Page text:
Henk Verhaar and Wally Lutz demonstrate the dry fly Wonder-winging technique.

Ever since I started fly tying, I’ve been fascinated by wings on artificials in one way or another. As I slowly progressed through the ranks of fly-tying expertise I learned that wings were supposed to catch fishermen, not fish, and I happily did away with even trying to incorporate wings in my flies, generally taking pleasure in all those folk who still struggled with wings in their own patterns. In The Netherlands we don’t have trout, only indiscriminate coarse fish, for whom wings may indeed be less important than for trout. During the late 1980s, I started to reinvestigate all those ‘traditional’ patterns including wings, discovering that wings sometimes do make a difference, if not in fish-fooling ability, then at least in aerodynamics, making flies alight on the water’s surface more gently, or making them ride right side up.

Extended tube-body Mayfly pattern
: Size 10 or 12 dry fly hook for an E danica Mayfly pattern, size 10 to 12. For smaller upwinged flies, substitute a proportionally smaller hook size. Any good dry fly hook type will do, such as the TMC 900BL, or the Partridge Captain Hamilton dry fly hook. I prefer to crush the barb on a barbed hook before putting it in the vice.
Thread: 8/0 for tying in the wings; 6/0 flat unbonded thread for the rest of the pattern (such as Danville’s Flymaster, or Gudebrod 6/0).
Wings: One large symmetric duck flank feather. For Mayfly patterns, pintail feathers offer nicely marked wings of an appropriate size.
Tails/abdomen: A Mayfly tube body 2cm to 2.5cm long. To make your own tailed Mayfly tube bodies, see www.globalflyfisher.com and search for tube body. An appropriate Mayfly body is made with moose mane hairs for tails, and cream camel or Fly-Rite dubbing for the body.
Rear thorax: Dark olive seal’s fur.
Front thorax/hackle: Large CdC feather fibres (from approximately three feathers) spun as a fibre hackle in a split thread, or dubbing loop.

I decided to focus on wings and winging styles. Eager to have some interesting winging styles to demonstrate, I investigated and came across the Wallywing, a new and innovative style of making imitative Mayfly wings from a single fowl feather, invented by one Wally Lutz from Canada, a person with whom I was vaguely familiar.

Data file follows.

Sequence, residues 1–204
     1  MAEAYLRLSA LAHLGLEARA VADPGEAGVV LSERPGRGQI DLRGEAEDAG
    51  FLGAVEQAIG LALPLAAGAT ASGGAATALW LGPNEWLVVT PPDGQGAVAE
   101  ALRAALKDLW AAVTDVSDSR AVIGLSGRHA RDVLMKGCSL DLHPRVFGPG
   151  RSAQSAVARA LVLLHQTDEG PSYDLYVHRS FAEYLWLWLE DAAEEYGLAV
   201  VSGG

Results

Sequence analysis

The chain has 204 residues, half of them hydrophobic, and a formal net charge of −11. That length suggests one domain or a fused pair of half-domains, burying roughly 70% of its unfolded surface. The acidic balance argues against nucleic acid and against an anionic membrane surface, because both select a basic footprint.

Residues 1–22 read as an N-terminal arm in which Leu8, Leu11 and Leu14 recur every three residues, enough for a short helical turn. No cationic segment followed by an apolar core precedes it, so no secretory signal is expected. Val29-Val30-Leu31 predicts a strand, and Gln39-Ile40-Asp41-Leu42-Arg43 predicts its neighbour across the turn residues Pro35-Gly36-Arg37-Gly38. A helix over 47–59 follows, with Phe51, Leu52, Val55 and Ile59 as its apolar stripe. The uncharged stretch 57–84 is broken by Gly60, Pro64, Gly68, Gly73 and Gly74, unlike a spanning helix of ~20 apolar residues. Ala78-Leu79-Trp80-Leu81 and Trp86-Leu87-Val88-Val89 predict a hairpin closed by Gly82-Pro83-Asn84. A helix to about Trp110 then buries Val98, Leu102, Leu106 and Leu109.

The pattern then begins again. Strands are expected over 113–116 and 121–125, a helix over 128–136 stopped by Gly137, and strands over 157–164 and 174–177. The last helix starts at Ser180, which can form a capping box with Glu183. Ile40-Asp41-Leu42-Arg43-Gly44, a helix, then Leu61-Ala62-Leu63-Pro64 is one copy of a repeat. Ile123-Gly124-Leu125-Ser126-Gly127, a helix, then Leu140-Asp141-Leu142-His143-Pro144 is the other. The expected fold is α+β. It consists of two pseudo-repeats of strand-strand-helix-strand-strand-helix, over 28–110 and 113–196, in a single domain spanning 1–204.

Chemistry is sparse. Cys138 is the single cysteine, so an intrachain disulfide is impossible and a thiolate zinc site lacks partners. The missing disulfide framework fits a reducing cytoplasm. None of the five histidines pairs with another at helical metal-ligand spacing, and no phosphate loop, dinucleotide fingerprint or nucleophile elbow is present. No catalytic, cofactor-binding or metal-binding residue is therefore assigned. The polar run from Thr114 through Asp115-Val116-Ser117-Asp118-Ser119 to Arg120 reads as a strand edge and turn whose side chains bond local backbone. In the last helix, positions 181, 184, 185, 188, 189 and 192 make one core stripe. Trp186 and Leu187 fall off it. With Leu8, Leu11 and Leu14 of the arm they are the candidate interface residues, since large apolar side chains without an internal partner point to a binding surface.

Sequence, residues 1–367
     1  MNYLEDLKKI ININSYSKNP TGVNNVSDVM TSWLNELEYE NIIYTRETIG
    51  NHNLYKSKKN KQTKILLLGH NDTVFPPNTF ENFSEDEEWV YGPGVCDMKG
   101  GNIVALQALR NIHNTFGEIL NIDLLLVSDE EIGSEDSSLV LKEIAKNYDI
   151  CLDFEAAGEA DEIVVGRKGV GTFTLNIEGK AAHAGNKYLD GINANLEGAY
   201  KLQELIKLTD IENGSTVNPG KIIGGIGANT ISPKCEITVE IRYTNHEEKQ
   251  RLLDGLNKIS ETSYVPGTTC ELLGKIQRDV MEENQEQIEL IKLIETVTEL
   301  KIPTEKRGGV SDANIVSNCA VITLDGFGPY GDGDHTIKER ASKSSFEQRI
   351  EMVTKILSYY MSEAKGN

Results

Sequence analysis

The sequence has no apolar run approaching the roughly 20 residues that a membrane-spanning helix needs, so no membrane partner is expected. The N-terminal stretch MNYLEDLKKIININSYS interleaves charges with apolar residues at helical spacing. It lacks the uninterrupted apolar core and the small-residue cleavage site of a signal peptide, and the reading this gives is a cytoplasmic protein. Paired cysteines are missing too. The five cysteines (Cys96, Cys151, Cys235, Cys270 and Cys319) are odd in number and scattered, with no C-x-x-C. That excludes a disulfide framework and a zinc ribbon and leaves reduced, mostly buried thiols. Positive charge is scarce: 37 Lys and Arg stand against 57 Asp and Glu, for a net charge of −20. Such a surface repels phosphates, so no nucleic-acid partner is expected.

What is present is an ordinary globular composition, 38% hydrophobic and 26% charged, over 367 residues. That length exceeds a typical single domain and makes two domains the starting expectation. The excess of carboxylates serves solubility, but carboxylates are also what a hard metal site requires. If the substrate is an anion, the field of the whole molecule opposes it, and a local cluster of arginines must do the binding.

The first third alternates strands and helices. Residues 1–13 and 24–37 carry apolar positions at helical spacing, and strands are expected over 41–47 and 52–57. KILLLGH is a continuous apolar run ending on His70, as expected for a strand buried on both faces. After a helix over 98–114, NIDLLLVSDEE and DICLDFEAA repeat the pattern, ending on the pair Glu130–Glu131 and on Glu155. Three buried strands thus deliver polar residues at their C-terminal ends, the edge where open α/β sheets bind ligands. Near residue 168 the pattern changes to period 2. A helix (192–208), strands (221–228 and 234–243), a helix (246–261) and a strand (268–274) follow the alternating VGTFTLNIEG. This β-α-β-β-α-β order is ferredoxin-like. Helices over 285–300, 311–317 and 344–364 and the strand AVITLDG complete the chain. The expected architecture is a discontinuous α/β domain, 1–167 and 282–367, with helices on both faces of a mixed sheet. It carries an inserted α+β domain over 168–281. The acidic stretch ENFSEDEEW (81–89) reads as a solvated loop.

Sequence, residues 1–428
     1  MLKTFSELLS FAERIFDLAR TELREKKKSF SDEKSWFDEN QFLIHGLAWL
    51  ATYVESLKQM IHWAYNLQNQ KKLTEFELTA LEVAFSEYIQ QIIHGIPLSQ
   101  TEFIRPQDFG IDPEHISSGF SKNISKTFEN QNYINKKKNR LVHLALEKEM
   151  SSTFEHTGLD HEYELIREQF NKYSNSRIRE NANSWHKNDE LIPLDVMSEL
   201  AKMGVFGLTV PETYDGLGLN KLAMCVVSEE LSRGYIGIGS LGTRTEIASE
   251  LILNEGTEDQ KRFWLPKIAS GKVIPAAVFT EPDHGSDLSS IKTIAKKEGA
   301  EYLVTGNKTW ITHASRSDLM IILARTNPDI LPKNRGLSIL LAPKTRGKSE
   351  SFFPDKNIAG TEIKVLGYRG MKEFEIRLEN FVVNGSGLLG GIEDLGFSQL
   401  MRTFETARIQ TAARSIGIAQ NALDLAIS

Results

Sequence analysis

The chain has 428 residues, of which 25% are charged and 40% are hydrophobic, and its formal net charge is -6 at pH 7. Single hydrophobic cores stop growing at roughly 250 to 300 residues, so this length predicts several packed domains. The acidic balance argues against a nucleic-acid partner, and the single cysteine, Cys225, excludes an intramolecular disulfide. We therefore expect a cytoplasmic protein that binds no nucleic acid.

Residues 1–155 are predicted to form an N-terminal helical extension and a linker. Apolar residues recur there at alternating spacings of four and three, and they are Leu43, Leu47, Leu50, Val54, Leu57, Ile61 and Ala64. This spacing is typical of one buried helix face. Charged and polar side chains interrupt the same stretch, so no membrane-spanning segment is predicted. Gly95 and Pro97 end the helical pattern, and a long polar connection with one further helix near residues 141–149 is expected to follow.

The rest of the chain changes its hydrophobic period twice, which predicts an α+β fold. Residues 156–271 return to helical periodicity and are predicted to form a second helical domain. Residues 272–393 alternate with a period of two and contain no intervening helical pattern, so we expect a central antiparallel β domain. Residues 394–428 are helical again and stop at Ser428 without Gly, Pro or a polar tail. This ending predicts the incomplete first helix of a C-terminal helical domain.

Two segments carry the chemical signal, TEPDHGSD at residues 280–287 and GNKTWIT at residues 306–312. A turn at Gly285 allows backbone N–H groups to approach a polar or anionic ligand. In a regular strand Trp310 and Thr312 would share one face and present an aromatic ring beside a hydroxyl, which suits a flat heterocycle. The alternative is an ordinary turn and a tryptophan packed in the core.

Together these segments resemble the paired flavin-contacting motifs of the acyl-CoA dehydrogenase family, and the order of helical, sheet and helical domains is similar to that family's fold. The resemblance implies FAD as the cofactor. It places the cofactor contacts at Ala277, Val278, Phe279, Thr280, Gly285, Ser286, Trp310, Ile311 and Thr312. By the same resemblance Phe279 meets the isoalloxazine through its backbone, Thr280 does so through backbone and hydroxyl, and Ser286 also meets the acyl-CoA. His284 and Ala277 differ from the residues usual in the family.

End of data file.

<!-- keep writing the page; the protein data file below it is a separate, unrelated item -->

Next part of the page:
I was so taken by the ease with which this technique yielded life-like Mayfly wings that I immediately decided to adopt it. My selection of wing styles included feather-fibre bunch wings, feather-tip wings, burnt wings, wonder-wings, loop-wings, and Wallywings – all effective winging styles, with their own peculiarities. Due to the shape, aspect, and size of the Wallywing, I find it a particularly effective style for use with extended-body Mayfly patterns. I recently created an extended tube body Mayfly pattern using a CdC fibre hackle from pieces of patterns I saw other people tie.

Wallywing: background and technique
Frederic Halford, in his book, Dry-Fly Fishing in Theory and Practice, told us, over 100 years ago, “In fact, it appears that the effect of education on the fish, or, in other words, the continual presence of fishermen plying their art over them, is to make them far more suspicious of the artificial fly or of any little mistake, and far more shy of gut, but far more tolerant of the presence of man and the gleam of his accompanying rod.” We see this problem in heavily fished waters is not new but with innovative construction methods like the Wallywing that articulate life-like qualities such as silhouette, translucence, colour, and sizes we can use it to dispel suspicions. Include innovative body construction, shapes, and imitative footprints in the meniscus, and we complete the list of tools available to dismiss doubt. Now combine this list into a fly and we have something that exudes feeding triggers that tempt fish into activity. This, for me, is the essence of fly-fishing; creating our own imitation of a natural trout food and then enhancing it by presenting it with the fly rod. We can craft our fly’s behaviour in the fish’s habitat to induce a feeding response. The rest is a variation on a theme that can never be definitively inclusive.